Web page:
Health workers wearing protective clothing prepare to carry an abandoned dead body presenting with Ebola symptoms at Duwala market in Monrovia August 17, 2014. Credit: Reuters/2Tango
reuters.com - By Josephus Olu-Mammah and Umaru Fofana - August 27, 2014
(Reuters) - The worst ever Ebola outbreak is causing enormous damage to West African economies as foreign businessmen quit the region, the African Development Bank said, while a leading medical charity branded the international response "entirely inadequate."
As transport companies suspend services, cutting off the region, governments and economists have warned that the epidemic could crush the fragile economic gains made in Sierra Leone and Liberia following a decade of civil war in the 1990s. . .
. . . Air France, the French network of Air France-KLM said on Wednesday it had suspended flights to Sierra Leone after advice from the French government.
WEDNESDAY, Aug. 13, 2014 (HealthDay News) -- Researchers say they've discovered how the deadly Ebola virus disables the immune system. They hope the findings will prove valuable in efforts to find treatments for the disease taking hundreds of lives in Africa. . .
. . . American researchers found that the Ebola protein VP24 disrupts a cell's natural immune response. They said this action is an important first step on Ebola's path to causing fatal disease, according to the study published Aug. 13 in the journal Cell Host & Microbe.
A British man infected with the Ebola virus is loaded into a Royal Air Force (RAF) ambulance after being flown home on a C17 plane from Sierra Leone, at Northolt air base outside London, August 24, 2014. REUTERS/Andrew Winning
af.reuters.com - By Umaru Fofana and Media Coulibaly - August 26, 2014
FREETOWN/KINSHASA (Reuters) - The World Health Organization (WHO) said on Tuesday it had shut a laboratory in Sierra Leone after a health worker there was infected with Ebola, a move that may hamper efforts to boost the global response to the worst ever outbreak of the disease.
. . . The WHO said it had withdrawn staff from the laboratory testing for Ebola at Kailahun -- one of only two in Sierra Leone -- after a Senegalese epidemiologist was infected with Ebola. . .
"It's a temporary measure to take care of the welfare of our remaining workers," WHO spokesperson Christy Feig said, without specifying how long the measure would last. "After our assessment, they will return."
reuters.com - (Reporting by Bienvenu-Marie Bakumanya; Writing by Daniel Flynn; Editing by Robin Pomeroy) August 24, 2014
(Reuters) - Democratic Republic of Congo declared an Ebola outbreak in its northern Equateur province on Sunday after two out of eight cases tested came back positive for the deadly virus, Health Minister Felix Kabange Numbi said.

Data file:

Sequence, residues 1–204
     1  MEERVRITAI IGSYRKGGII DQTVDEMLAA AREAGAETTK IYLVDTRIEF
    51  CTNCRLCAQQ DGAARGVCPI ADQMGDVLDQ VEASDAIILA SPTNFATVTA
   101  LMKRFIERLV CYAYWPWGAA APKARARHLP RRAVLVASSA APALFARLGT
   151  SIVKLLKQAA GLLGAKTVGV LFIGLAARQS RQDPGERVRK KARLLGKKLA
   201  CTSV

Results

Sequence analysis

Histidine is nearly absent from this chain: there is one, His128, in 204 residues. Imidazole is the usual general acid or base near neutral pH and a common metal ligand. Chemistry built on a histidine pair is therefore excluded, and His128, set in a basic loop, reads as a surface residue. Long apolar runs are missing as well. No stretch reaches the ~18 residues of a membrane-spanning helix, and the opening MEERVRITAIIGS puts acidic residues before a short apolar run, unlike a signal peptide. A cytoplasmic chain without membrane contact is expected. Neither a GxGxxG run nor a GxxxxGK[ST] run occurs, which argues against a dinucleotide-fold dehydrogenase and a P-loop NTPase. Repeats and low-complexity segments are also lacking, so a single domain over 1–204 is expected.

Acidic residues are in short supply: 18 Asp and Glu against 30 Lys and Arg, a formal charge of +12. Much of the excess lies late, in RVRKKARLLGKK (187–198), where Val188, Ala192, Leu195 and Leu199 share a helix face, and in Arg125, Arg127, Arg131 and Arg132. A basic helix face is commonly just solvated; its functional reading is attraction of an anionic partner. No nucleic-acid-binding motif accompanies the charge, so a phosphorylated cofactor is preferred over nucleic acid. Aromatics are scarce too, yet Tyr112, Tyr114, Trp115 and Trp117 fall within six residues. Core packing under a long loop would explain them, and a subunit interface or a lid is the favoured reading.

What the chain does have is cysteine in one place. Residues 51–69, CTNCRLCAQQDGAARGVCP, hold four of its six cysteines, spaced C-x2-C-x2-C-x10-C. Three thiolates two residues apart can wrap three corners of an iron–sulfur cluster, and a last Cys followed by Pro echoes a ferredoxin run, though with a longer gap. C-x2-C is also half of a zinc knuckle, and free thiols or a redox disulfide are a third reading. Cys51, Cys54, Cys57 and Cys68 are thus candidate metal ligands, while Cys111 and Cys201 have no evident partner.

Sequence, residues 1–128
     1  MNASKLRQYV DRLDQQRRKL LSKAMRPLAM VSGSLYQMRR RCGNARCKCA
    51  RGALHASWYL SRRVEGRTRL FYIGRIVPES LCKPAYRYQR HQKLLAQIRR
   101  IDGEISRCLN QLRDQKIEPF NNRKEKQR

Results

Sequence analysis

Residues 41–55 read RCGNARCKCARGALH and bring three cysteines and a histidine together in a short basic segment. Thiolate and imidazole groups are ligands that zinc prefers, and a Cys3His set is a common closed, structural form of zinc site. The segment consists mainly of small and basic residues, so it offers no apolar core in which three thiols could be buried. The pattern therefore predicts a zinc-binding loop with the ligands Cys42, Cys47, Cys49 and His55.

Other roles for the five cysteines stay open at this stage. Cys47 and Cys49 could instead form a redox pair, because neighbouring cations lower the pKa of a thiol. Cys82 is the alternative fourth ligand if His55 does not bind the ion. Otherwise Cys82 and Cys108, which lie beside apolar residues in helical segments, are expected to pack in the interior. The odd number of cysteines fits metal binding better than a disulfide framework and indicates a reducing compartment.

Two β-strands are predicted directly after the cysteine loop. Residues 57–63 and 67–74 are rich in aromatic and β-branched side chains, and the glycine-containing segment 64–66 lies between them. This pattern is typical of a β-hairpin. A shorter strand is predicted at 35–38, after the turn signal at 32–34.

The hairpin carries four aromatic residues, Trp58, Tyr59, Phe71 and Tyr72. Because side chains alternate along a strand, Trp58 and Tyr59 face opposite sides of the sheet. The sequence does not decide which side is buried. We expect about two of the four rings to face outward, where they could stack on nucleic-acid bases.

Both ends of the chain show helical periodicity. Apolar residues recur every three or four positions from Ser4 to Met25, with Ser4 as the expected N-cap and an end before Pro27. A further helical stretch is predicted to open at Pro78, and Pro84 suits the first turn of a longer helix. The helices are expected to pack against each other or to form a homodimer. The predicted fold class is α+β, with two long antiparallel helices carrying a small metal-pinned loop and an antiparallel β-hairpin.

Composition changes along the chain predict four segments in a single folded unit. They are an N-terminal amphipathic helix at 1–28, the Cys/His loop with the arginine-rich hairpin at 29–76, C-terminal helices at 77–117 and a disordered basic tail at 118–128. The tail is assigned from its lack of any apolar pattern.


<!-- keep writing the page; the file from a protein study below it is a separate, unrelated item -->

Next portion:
A mysterious disease has killed dozens of people in Equateur in recent weeks but the World Health Organization had said on Thursday it was not Ebola.
"I declare an Ebola epidemic in the region of Djera, in the territory of Boende in the province of Equateur," Kabange Numbi told a news conference. . .
. . . Numbi said that one of the two cases that tested positive was for the Sudanese strain of the disease, while the other was a mixture between the Sudanese and the Zaire strain -- the most lethal variety.
reliefweb.int - by Zoom DOSSO with Selim SAHEB ETTABA in Dakar
MONROVIA, August 22, 2014 (AFP) - Every region of Liberia has now been hit by Ebola, officials said Friday, as the World Health Organization warned the fight against the worst-ever outbreak of the killer disease would take months.
After seeing people fall to the deadly virus in area after area, Liberia said two people had succumbed to the virus in Sinoe province, the last Ebola-free bastion in a country that has seen the biggest toll . . .
. . . The virus has spread relentlessly through Liberia, Guinea and Sierra Leone, and Nigeria has also been affected despite showing some progress in fighting the epidemic . . .
As Ebola outbreak grows, WHO notes case-count difficulties
cidrap.umn.edu - by Robert Roos - August 22, 2014
. . . the World Health Organization (WHO) conceded that the size of the epidemic has been underestimated and cited a list of reasons for that, from concealment and denial of cases to the closing of treatment centers and clinics. . .
. . . The WHO also said that in parts of Liberia, newly opened treatment facilities have been immediately flooded with patients, many of whom were not previously identified. "This phenomenon strongly suggests the existence of an invisible caseload of patients who are not being detected by the surveillance system."
Although Ebola virus (EBOV) is transmitted by unprotected physical contact with infected persons, few data exist on which specific bodily fluids are infected or on the risk of fomite transmission. Therefore, we tested various clinical specimens from 26 laboratory-confirmed cases of Ebola hemorrhagic fever, as well as environmental specimens collected from an isolation ward, for the presence of EBOV. Virus was detected by culture and/or reverse-transcription polymerase chain reaction in 16 of 54 clinical specimens (including saliva, stool, semen, breast milk, tears, nasal blood, and a skin swab) and in 2 of 33 environmental specimens.We conclude that EBOV is shed in a wide variety of bodily fluids during the acute period of illness but that the risk of transmission from fomites in an isolation ward and from convalescent patients is low when currently recommended infection control guidelines for the viral hemorrhagic fevers are followed.